introduction-probability.pdf

# Finally we define p g 0 1 by p a 1 1 a 1 2 a n 1 a n

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Finally, we define P 0 : G → [0 , 1] by P 0 (( A 1 1 × A 1 2 ) ∪ · · · ∪ ( A n 1 × A n 2 ) ) := n k =1 P 1 ( A k 1 ) P 2 ( A k 2 ) . Proposition 1.2.18 The system G is an algebra. The map P 0 : G → [0 , 1] is correctly defined and satisfies the assumptions of Carath´ eodory’s extension theorem Proposition 1.2.17. Proof . (i) Assume A = ( A 1 1 × A 1 2 ) ∪ · · · ∪ ( A n 1 × A n 2 ) = ( B 1 1 × B 1 2 ) ∪ · · · ∪ ( B m 1 × B m 2 ) where the ( A k 1 × A k 2 ) n k =1 and the ( B l 1 × B l 2 ) m l =1 are pair-wise disjoint, respec- tively. We find partitions C 1 1 , ..., C N 1 1 of Ω 1 and C 1 2 , ..., C N 2 2 of Ω 2 so that A k i and B l i can be represented as disjoint unions of the sets C r i , r = 1 , ..., N i . Hence there is a representation A = ( r,s ) I ( C r 1 × C s 2 ) for some I ⊆ { 1 , ..., N 1 } × { 1 , .... , N 2 } . By drawing a picture and using that P 1 and P 2 are measures one observes that n k =1 P 1 ( A k 1 ) P 2 ( A k 2 ) = ( r,s ) I P 1 ( C r 1 ) P 2 ( C s 2 ) = m l =1 P 1 ( B l 1 ) P 2 ( B l 2 ) .

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1.2. PROBABILITY MEASURES 23 (ii) To check that P 0 is σ -additive on G it is sufficient to prove the following: For A i , A k i ∈ F i with A 1 × A 2 = k =1 ( A k 1 × A k 2 ) and ( A k 1 × A k 2 ) ( A l 1 × A l 2 ) = for k = l one has that P 1 ( A 1 ) P 2 ( A 2 ) = k =1 P 1 ( A k 1 ) P 2 ( A k 2 ) . Since the inequality P 1 ( A 1 ) P 2 ( A 2 ) N k =1 P 1 ( A k 1 ) P 2 ( A k 2 ) can be easily seen for all N = 1 , 2 , ... by an argument like in step (i) we concentrate ourselves on the converse inequality P 1 ( A 1 ) P 2 ( A 2 ) k =1 P 1 ( A k 1 ) P 2 ( A k 2 ) . We let ϕ ( ω 1 ) := n =1 1I { ω 1 A n 1 } P 2 ( A n 2 ) and ϕ N ( ω 1 ) := N n =1 1I { ω 1 A n 1 } P 2 ( A n 2 ) for N 1, so that 0 ϕ N ( ω 1 ) N ϕ ( ω 1 ) = 1I A 1 ( ω 1 ) P 2 ( A 2 ). Let ε (0 , 1) and B N ε := { ω 1 Ω 1 : (1 - ε ) P 2 ( A 2 ) ϕ N ( ω 1 ) } ∈ F 1 . The sets B N ε are non-decreasing in N and N =1 B N ε = A 1 so that (1 - ε ) P 1 ( A 1 ) P 2 ( A 2 ) = lim N (1 - ε ) P 1 ( B N ε ) P 2 ( A 2 ) . Because (1 - ε ) P 2 ( A 2 ) ϕ N ( ω 1 ) for all ω 1 B N ε one gets (after some calcu- lation...) (1 - ε ) P 2 ( A 2 ) P 1 ( B N ε ) N k =1 P 1 ( A k 1 ) P 2 ( A k 2 ) and therefore lim N (1 - ε ) P 1 ( B N ε ) P 2 ( A 2 ) lim N N k =1 P 1 ( A k 1 ) P 2 ( A k 2 ) = k =1 P 1 ( A k 1 ) P 2 ( A k 2 ) . Since ε (0 , 1) was arbitrary, we are done. Definition 1.2.19 [product of probability spaces] The extension of P 0 to F 1 ⊗ F 2 according to Proposition 1.2.17 is called product measure and denoted by P 1 × P 2 . The probability space (Ω 1 × Ω 2 , F 1 ⊗ F 2 , P 1 × P 2 ) is called product probability space .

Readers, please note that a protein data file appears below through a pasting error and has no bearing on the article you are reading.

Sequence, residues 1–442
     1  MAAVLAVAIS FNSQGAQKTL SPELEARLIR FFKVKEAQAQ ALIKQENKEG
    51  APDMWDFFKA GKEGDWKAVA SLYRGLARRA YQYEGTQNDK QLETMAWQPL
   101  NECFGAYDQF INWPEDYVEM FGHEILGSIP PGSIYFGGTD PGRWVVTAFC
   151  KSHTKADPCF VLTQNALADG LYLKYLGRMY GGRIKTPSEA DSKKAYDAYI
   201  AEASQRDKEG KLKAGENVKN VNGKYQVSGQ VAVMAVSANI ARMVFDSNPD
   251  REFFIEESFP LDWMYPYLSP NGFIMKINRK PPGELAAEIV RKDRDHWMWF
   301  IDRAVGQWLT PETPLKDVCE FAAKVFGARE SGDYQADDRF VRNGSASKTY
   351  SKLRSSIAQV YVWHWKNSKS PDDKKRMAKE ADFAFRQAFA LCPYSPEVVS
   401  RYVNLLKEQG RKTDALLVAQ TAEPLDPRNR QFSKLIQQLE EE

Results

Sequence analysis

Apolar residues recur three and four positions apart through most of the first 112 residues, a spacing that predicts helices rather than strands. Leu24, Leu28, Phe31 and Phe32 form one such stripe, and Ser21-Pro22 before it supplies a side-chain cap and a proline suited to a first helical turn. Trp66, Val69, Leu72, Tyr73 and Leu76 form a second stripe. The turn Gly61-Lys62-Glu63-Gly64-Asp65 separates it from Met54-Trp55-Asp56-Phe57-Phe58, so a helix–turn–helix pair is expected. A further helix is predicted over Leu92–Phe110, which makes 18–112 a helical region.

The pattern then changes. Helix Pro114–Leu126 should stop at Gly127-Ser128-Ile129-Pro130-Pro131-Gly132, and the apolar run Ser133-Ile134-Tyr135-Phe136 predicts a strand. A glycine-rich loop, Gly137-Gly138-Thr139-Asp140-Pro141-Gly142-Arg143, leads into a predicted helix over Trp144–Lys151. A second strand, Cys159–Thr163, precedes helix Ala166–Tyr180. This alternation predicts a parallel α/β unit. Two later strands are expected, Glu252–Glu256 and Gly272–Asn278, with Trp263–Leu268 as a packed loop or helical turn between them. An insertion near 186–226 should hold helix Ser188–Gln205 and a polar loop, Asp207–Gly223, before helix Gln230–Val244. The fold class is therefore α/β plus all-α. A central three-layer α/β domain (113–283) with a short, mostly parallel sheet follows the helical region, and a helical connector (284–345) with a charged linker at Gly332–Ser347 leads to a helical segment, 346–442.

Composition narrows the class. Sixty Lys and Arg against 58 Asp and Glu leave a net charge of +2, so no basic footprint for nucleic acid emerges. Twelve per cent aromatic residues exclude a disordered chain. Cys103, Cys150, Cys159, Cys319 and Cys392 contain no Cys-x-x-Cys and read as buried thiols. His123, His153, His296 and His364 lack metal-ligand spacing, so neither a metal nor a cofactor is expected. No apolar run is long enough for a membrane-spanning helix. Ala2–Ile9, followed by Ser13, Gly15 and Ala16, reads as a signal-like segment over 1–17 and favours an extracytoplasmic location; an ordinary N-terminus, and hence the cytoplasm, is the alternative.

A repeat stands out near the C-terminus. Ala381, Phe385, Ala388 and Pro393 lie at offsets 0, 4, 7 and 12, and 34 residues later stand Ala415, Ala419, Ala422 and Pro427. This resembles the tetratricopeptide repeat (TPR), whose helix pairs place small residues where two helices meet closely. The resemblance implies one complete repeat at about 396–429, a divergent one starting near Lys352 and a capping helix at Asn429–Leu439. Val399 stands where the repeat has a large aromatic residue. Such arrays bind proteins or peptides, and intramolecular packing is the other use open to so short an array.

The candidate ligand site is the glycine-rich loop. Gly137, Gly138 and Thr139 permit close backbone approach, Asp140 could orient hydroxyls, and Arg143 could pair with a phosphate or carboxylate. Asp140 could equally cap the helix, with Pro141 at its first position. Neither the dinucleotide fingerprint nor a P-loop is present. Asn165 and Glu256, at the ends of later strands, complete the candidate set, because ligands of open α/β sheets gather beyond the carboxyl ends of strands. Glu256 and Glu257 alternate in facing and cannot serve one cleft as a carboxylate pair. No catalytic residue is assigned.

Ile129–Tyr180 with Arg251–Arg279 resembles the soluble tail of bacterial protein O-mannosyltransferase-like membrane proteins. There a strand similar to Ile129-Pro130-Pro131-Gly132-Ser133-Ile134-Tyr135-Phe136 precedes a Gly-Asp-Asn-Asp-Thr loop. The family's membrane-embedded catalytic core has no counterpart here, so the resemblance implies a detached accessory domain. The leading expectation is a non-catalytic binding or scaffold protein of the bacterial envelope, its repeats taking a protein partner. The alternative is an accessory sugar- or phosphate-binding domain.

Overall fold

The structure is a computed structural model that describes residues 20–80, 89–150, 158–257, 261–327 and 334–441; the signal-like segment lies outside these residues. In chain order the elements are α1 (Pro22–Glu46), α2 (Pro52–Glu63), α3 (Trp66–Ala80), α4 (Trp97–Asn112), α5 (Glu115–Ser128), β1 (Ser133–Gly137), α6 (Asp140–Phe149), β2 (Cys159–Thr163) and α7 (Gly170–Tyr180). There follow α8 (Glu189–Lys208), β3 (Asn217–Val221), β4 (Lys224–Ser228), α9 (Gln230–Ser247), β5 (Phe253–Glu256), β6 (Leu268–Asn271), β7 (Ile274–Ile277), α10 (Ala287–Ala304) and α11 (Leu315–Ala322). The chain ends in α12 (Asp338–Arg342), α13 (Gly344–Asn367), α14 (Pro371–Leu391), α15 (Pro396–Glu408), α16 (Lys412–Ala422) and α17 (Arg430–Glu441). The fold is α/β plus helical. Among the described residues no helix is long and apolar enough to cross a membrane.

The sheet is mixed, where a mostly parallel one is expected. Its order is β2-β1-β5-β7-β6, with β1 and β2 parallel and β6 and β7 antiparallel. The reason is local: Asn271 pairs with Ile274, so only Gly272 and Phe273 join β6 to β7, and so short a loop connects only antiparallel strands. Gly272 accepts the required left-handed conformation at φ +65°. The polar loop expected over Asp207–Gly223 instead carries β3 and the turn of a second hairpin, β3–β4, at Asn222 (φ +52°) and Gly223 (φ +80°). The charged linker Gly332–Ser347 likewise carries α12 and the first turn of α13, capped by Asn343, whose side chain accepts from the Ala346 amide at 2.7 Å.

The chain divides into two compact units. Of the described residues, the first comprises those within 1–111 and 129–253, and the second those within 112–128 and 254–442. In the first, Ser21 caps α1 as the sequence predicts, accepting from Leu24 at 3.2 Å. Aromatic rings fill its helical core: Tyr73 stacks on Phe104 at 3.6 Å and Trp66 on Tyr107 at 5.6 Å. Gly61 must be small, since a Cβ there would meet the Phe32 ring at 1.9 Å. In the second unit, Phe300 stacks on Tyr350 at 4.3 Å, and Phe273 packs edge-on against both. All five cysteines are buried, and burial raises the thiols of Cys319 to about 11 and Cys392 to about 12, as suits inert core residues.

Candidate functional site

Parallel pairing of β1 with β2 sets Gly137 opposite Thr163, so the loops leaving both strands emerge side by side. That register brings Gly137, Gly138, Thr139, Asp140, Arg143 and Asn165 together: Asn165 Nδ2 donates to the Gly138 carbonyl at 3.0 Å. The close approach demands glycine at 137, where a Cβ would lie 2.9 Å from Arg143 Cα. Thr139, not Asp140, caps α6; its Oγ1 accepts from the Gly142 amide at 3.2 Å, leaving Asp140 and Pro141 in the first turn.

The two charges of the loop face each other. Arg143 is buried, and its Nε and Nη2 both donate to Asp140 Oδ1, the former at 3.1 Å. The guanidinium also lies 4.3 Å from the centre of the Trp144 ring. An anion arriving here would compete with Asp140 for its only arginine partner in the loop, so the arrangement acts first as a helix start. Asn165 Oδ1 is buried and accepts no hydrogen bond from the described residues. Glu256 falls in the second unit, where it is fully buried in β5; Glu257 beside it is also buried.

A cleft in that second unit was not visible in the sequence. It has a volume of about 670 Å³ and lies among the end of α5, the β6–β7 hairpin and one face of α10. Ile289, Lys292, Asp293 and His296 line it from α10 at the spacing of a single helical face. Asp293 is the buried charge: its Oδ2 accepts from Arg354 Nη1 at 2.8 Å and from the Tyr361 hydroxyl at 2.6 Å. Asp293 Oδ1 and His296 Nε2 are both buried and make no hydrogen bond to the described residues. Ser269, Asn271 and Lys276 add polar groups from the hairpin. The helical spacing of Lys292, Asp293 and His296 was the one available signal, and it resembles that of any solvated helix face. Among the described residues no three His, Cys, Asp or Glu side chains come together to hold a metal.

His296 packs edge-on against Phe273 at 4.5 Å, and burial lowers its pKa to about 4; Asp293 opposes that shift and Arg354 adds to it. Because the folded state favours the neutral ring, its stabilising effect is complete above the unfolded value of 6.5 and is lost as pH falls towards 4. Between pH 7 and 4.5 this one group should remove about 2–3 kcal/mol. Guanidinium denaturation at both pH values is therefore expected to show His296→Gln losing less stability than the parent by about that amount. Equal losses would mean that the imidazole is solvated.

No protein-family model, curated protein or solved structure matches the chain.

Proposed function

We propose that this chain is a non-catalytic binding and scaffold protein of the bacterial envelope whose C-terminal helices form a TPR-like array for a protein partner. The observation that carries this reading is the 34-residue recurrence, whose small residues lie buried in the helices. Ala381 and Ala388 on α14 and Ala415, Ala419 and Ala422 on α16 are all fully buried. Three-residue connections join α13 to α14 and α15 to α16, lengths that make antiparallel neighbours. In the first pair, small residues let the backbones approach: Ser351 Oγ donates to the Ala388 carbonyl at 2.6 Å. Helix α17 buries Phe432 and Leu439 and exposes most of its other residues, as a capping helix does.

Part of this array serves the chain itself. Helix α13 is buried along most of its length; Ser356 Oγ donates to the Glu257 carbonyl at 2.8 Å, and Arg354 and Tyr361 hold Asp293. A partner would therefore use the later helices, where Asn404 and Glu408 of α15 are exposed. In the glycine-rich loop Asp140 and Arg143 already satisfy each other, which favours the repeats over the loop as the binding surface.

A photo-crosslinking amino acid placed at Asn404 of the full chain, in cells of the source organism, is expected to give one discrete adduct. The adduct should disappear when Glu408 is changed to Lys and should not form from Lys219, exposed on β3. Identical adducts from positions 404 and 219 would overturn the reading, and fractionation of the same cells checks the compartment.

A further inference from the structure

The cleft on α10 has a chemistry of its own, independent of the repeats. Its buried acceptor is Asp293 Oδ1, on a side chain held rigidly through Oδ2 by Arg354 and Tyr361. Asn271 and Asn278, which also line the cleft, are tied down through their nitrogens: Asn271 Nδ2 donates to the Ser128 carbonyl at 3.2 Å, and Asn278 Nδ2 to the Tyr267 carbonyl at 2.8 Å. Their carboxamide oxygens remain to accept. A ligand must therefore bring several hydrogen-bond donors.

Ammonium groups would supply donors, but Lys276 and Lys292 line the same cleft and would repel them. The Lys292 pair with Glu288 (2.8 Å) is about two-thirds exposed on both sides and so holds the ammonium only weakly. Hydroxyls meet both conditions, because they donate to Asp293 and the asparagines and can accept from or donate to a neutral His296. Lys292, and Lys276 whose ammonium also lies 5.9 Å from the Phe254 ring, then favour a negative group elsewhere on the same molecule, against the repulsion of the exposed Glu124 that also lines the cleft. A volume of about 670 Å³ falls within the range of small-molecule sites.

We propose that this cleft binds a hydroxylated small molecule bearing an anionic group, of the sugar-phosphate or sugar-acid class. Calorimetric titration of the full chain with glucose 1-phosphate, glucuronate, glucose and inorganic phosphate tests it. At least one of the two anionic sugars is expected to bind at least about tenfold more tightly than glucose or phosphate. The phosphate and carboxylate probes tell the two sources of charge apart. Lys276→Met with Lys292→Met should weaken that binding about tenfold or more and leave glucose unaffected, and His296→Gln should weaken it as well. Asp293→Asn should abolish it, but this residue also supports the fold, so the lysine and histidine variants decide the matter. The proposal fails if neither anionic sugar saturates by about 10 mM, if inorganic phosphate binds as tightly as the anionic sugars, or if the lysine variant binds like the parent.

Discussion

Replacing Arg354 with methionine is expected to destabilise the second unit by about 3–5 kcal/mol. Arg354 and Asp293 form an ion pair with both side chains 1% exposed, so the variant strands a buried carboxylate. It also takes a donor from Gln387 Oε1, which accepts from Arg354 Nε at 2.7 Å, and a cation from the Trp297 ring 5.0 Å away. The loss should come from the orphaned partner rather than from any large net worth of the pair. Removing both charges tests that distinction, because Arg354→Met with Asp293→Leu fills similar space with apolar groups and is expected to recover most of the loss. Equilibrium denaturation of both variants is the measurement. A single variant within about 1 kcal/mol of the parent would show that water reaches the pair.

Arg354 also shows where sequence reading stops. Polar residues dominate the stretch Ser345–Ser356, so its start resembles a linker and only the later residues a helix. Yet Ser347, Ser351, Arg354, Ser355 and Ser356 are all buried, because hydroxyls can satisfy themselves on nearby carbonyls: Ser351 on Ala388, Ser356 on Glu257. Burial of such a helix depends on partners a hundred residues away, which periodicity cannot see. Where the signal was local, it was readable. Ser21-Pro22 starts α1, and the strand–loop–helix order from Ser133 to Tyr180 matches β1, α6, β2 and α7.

24 CHAPTER 1. PROBABILITY SPACES One can prove that ( F 1 ⊗ F 2 ) ⊗ F 3 = F 1 ( F 2 ⊗ F 3 ) and ( P 1 × P 2 ) × P 3 = P 1 × ( P 2 × P 3 ) , which we simply denote by 1 × Ω 2 × Ω 3 , F 1 ⊗ F 2 ⊗ F 3 , P 1 × P 2 × P 3 ) . Iterating this procedure, we can define finite products 1 × Ω 2 × · · · × Ω n , F 1 ⊗ F 2 ⊗ · · · ⊗ F n , P 1 × P 2 × · · · × P n ) by iteration. The case of infinite products requires more work. Here the interested reader is referred, for example, to [5] where a special case is con- sidered.

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• Spring '17
• Probability, Probability theory, Probability space, measure, lim P, Probability Spaces

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